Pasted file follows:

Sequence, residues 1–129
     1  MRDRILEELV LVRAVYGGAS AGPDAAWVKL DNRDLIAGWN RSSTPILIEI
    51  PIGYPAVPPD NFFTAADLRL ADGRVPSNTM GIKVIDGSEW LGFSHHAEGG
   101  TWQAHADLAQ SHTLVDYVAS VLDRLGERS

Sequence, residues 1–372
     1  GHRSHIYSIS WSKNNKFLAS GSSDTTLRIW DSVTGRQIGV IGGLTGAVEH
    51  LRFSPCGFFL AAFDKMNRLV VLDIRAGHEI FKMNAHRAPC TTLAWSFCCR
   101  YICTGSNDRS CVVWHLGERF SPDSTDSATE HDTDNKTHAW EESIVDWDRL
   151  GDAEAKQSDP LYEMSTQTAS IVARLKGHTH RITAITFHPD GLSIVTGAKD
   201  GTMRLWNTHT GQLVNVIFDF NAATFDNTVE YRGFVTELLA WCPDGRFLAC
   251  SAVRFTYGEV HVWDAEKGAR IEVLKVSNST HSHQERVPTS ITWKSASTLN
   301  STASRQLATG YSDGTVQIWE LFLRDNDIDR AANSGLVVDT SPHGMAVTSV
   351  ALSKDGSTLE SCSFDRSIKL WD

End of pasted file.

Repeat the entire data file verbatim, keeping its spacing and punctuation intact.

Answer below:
Sequence, residues 1–129
     1  MRDRILEELV LVRAVYGGAS AGPDAAWVKL DNRDLIAGWN RSSTPILIEI
    51  PIGYPAVPPD NFFTAADLRL ADGRVPSNTM GIKVIDGSEW LGFSHHAEGG
   101  TWQAHADLAQ SHTLVDYVAS VLDRLGERS

Sequence, residues 1–372
     1  GHRSHIYSIS WSKNNKFLAS GSSDTTLRIW DSVTGRQIGV IGGLTGAVEH
    51  LRFSPCGFFL AAFDKMNRLV VLDIRAGHEI FKMNAHRAPC TTLAWSFCCR
   101  YICTGSNDRS CVVWHLGERF SPDSTDSATE HDTDNKTHAW EESIVDWDRL
   151  GDAEAKQSDP LYEMSTQTAS IVARLKGHTH RITAITFHPD GLSIVTGAKD
   201  GTMRLWNTHT GQLVNVIFDF NAATFDNTVE YRGFVTELLA WCPDGRFLAC
   251  SAVRFTYGEV HVWDAEKGAR IEVLKVSNST HSHQERVPTS ITWKSASTLN
   301  STASRQLATG YSDGTVQIWE LFLRDNDIDR AANSGLVVDT SPHGMAVTSV
   351  ALSKDGSTLE SCSFDRSIKL WD